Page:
So I first want to note that I don't want to start this post with the discussion of how the various editions of D&D change certain problematic elements. That will be later.
First I want to talk about an example mechanic in Neoclassical Geek Revival to set as a baseline. Much of the magic system in NGR is based around the competing claims of civilization and wilderness, with a potential third axis of destruction. Bringing order and security to the wild reduces the power of magic. Civilization would see demons and pagan spirits as one and the same, with different flavours to trick mortals. Pagans would see the demonic and the march of civilization as part and parcel, to build a mountain you need to dig a pit for materials. The demonic cultists would tell their flock that the unending darkness will soon envelope both of these petty factions as it subsumes the last points of light, best sell your soul while it confers a high price.
So religion is specifically never explained who actually is right, but it is set up to be a constant proactive conflict. If you have multiple faiths in the party, you'll risk getting into intra-party conflict. The trade off being you can let adventures write themselves if you don't.
This moves into magic-users, currently I have more remote areas giving more mana back. But I also note that Mystic Wastelands may cause mutations.
For the 2013 Printing I am going to be a little more explicit. I am currently using the numbers based on wilderness to show the odds something supernatural will occur based on how remote an area is. This works out remarkably well. Basically for each campaign (or region) you would write up a list of a few "natural magics" like "An unburied body may rise from the dead!" or "Burning a chicken egg in a church as it burns to the ground will cause it to hatch a wyvern". The amount of mana a region generates in a day is the % chance the event will happen.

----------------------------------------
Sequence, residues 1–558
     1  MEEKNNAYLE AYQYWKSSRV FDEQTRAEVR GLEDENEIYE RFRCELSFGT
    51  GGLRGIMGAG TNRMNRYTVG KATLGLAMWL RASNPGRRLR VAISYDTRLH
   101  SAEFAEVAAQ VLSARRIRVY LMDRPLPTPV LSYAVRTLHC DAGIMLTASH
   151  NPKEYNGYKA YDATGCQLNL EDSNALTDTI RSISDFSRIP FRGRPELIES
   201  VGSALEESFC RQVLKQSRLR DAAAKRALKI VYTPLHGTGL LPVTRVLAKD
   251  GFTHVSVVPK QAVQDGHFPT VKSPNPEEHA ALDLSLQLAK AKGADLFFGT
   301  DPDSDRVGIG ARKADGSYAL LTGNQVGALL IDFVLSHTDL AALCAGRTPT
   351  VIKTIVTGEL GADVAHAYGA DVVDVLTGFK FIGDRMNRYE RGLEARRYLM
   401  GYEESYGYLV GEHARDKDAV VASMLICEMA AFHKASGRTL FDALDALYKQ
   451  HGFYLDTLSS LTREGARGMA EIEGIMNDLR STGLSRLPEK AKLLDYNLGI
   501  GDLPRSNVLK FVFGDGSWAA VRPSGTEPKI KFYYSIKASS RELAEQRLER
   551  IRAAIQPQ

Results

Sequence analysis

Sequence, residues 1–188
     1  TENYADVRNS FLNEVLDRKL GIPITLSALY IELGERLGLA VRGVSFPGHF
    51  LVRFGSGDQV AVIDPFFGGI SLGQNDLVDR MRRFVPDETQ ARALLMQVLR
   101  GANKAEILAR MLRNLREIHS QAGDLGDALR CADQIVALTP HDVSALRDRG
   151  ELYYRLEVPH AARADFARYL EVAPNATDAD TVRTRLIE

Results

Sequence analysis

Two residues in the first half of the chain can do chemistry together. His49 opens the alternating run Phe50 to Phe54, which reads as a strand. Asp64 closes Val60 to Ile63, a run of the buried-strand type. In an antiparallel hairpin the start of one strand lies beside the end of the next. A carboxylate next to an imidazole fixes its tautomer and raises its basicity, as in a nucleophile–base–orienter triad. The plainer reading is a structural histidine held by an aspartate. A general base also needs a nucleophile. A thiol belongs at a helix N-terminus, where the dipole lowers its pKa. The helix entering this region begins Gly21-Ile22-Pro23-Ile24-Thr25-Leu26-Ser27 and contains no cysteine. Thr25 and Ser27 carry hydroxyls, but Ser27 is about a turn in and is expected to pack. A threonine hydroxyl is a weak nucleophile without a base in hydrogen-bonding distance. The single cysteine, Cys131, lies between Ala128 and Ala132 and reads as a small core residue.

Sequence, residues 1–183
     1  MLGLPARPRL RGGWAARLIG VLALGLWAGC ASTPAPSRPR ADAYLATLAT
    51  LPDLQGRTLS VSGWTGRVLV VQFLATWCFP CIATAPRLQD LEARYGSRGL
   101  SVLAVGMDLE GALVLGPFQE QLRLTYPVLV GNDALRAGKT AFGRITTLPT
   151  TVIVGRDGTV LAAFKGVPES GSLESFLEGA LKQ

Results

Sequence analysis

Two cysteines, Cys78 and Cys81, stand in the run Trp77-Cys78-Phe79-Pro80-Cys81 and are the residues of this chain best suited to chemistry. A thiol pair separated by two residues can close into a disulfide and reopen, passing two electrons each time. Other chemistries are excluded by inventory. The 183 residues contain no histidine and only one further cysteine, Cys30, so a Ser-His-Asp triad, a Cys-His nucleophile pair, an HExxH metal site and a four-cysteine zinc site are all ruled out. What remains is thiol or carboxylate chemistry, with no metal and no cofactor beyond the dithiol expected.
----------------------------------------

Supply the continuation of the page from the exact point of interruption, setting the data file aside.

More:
This maps out to
0% chance in the city
<1% chance in the rural (so round down to 0%)
1% chance on the frontier
3% chance in the wilderness
5% in uncharted, virgin territory
24% chance in a mystic wasteland.
100% in a magical vortex
There are also of course going to be spots in any region which are one level more magical (haunted houses, ley lines, etc). So murdering someone in a haunted house has a slight chance of causing the body to rise back to unlife.
Once I remember being asked "why is it important to have a method to know the strength of a giant centipede?" and my answer then is as now: When you have a few numbers to work with you can work out repeatable subsystems that aren't purely arbitrary on the fly.
So the OSR is a tag some people use to self identify their work. It contains members of all genders. Whatever version of D&D you like is best.
Ghosts Of The Deep
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